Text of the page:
It’s taken more than 13 years but David Laws has finally apologised to Liam Byrne for weaponising that infamous scrawled note jokily saying “I’m afraid there is no money”. The Lib Dem said sorry to his Labour predecessor at an 11 Downing Street bash for surviving Treasury chief secretaries. It was the first encounter between the pair since May 2010, when Laws broke convention by publicly exploiting the private message an outgoing minister traditionally leaves for an incomer when a government changes after an election. Byrne, still Labour’s MP for Birmingham Hodge Hill, later wrote of how he “burnt with the shame” over the publication of the joke, which had been intended for Philip Hammond, a courteous and friendly Tory who was expected to be appointed chief secretary. Still, Laws was forced to quit after only 17 days over an expenses scandal, then lost his Yeovil seat in 2015.
“Build a Better Britain”, Keir Starmer’s current slogan, doesn’t embrace building a harmonious party. Trade union and constituency delegates complained of bullying and rudeness by some leadership apparatchiks at Labour’s National Policy Forum in Nottingham. Unite withdrew its delegates from the rubber chicken dinner while Aslef’s Mick Whelan and the FBU’s Matt Wrack preferred to go for a joint curry. One Starmerite smiled there’ll be no empty seats at big-bucks meals for new-found business supporters.
Levelling-down’s Michael Gove is keen to succeed the departing Ben Wallace as defence secretary, I hear. Expressing concern that squaddies are forced to use food banks in the cost-of-living crisis is the extent of Gove’s actual military experience. Nevertheless, when Rishi Sunak is weak and James Cleverly is refusing to march from the Foreign Office, the Sergeant Wilson of the Tory Home Guard can spend the summer dreaming of redeployment.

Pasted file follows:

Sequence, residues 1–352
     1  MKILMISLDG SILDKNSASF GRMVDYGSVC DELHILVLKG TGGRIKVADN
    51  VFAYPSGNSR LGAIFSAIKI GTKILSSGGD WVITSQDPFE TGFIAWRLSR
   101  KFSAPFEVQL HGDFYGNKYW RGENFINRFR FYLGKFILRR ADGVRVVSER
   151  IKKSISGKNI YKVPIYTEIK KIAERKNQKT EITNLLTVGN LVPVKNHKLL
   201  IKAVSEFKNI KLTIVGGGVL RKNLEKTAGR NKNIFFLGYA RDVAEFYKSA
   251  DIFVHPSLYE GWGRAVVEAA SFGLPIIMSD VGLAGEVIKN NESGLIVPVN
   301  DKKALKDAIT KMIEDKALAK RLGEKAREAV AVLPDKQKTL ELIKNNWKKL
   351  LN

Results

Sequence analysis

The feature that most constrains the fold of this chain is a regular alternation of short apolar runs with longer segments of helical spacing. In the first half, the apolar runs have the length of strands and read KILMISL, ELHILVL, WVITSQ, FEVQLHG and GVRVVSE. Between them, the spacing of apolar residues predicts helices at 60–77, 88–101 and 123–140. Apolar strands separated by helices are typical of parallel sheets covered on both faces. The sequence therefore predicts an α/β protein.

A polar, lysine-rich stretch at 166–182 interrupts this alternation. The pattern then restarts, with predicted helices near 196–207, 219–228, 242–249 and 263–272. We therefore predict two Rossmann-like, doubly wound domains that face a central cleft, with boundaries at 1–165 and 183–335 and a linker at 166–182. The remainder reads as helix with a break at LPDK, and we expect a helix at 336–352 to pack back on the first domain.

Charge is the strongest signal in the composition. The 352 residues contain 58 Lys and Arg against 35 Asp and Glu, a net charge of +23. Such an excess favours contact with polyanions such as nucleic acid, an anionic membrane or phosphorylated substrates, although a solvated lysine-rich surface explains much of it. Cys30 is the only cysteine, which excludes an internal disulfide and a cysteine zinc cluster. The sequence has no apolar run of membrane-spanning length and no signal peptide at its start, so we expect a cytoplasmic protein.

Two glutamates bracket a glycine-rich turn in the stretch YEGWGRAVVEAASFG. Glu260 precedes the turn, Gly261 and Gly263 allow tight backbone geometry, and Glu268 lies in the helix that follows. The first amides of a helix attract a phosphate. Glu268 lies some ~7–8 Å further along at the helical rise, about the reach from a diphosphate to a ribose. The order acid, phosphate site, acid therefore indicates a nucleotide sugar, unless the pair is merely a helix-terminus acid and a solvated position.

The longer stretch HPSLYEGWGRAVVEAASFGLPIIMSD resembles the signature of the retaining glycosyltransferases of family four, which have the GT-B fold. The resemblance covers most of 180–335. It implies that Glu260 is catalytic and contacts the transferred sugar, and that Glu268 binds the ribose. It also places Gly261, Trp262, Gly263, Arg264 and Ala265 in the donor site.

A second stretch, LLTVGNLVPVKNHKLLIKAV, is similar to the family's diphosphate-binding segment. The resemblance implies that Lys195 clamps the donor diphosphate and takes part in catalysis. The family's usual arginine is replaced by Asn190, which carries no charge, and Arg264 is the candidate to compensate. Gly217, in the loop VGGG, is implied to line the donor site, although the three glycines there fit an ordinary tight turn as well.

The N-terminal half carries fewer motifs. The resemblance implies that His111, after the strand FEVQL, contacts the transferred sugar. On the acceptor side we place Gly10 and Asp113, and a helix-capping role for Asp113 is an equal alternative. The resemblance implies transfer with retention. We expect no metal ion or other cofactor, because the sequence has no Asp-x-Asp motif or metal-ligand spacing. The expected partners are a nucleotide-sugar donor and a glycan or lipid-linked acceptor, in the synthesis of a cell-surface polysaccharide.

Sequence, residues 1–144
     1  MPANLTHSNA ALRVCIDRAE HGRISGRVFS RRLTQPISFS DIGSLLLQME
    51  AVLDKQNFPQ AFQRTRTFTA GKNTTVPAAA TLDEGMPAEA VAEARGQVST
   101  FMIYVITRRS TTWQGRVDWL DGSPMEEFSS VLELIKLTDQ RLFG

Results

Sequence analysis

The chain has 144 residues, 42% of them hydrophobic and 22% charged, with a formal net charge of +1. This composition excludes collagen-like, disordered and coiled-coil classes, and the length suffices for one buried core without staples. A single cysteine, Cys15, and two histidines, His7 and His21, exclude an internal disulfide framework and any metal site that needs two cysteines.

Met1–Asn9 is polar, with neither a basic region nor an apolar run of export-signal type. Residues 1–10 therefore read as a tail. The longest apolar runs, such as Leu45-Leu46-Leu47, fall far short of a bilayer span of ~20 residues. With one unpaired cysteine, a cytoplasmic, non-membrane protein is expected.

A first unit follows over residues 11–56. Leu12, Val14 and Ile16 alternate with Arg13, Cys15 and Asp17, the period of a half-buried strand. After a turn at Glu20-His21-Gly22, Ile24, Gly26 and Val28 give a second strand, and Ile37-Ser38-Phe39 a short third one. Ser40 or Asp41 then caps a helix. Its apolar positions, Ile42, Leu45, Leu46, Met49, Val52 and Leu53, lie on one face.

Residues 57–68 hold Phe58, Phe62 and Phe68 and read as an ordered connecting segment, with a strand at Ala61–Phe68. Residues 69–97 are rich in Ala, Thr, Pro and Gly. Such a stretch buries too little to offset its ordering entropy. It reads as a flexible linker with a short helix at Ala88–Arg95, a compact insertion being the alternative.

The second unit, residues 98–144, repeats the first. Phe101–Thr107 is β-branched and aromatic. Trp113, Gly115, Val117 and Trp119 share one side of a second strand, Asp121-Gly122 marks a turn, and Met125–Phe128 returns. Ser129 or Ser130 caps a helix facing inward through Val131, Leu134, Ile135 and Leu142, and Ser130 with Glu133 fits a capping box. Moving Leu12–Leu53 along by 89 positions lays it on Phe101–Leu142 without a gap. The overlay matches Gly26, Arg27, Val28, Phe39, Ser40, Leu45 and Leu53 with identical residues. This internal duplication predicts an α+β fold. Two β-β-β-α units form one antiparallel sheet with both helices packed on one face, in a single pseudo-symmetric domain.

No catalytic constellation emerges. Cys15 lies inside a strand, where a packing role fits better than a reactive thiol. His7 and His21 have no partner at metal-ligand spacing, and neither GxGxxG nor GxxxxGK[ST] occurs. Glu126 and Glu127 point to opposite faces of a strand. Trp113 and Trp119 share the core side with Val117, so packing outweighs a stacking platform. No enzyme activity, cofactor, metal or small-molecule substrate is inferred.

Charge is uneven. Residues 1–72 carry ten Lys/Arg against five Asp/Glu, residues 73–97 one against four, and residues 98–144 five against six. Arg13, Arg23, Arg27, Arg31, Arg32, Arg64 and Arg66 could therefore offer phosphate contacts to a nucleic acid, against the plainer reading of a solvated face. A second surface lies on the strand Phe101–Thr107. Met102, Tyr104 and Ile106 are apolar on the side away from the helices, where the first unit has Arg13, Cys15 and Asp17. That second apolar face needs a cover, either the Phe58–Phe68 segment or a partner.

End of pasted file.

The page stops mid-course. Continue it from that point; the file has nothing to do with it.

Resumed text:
Commons Speaker Lindsay Hoyle isn’t happy. Several MPs accused of sexual offences who agreed to keep away from parliament while inquiries continue were spotted on the premises. Enforcing bans will be on the agenda after the recess.
Here’s a list of names I’ve heard in recent weeks touted in Labour circles for peerages should the party win an election. Whether Starmer axes the Lords or not, he needs to appoint dozens to stifle the Tories’ advantage of 98 (270-172) in the unelected chamber. So elevations are possible for: Iain Anderson, Margaret Beckett, Luciana Berger, Mark Drakeford, Michael Dugher, David Evans, Harriet Harman, Margaret Hodge, George Howarth, Ivan Lewis, Gary Lineker, Deborah Mattinson, Feargal Sharkey and Sharon White.
[See also: Labour is an ultra-low ambition zone]
This article appears in the 26 Jul 2023 issue of the New Statesman, Summer Special